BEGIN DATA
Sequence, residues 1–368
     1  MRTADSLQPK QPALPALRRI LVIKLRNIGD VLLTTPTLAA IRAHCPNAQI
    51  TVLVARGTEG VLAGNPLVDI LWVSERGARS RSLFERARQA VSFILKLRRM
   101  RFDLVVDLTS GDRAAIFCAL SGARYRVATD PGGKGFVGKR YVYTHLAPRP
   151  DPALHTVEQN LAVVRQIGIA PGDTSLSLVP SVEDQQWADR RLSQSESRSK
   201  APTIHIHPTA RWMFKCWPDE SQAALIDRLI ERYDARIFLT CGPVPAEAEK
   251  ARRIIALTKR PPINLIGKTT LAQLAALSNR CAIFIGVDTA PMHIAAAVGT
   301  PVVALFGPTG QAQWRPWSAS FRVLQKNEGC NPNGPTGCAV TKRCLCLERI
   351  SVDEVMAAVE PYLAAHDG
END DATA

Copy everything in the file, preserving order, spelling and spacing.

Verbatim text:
Sequence, residues 1–368
     1  MRTADSLQPK QPALPALRRI LVIKLRNIGD VLLTTPTLAA IRAHCPNAQI
    51  TVLVARGTEG VLAGNPLVDI LWVSERGARS RSLFERARQA VSFILKLRRM
   101  RFDLVVDLTS GDRAAIFCAL SGARYRVATD PGGKGFVGKR YVYTHLAPRP
   151  DPALHTVEQN LAVVRQIGIA PGDTSLSLVP SVEDQQWADR RLSQSESRSK
   201  APTIHIHPTA RWMFKCWPDE SQAALIDRLI ERYDARIFLT CGPVPAEAEK
   251  ARRIIALTKR PPINLIGKTT LAQLAALSNR CAIFIGVDTA PMHIAAAVGT
   301  PVVALFGPTG QAQWRPWSAS FRVLQKNEGC NPNGPTGCAV TKRCLCLERI
   351  SVDEVMAAVE PYLAAHDG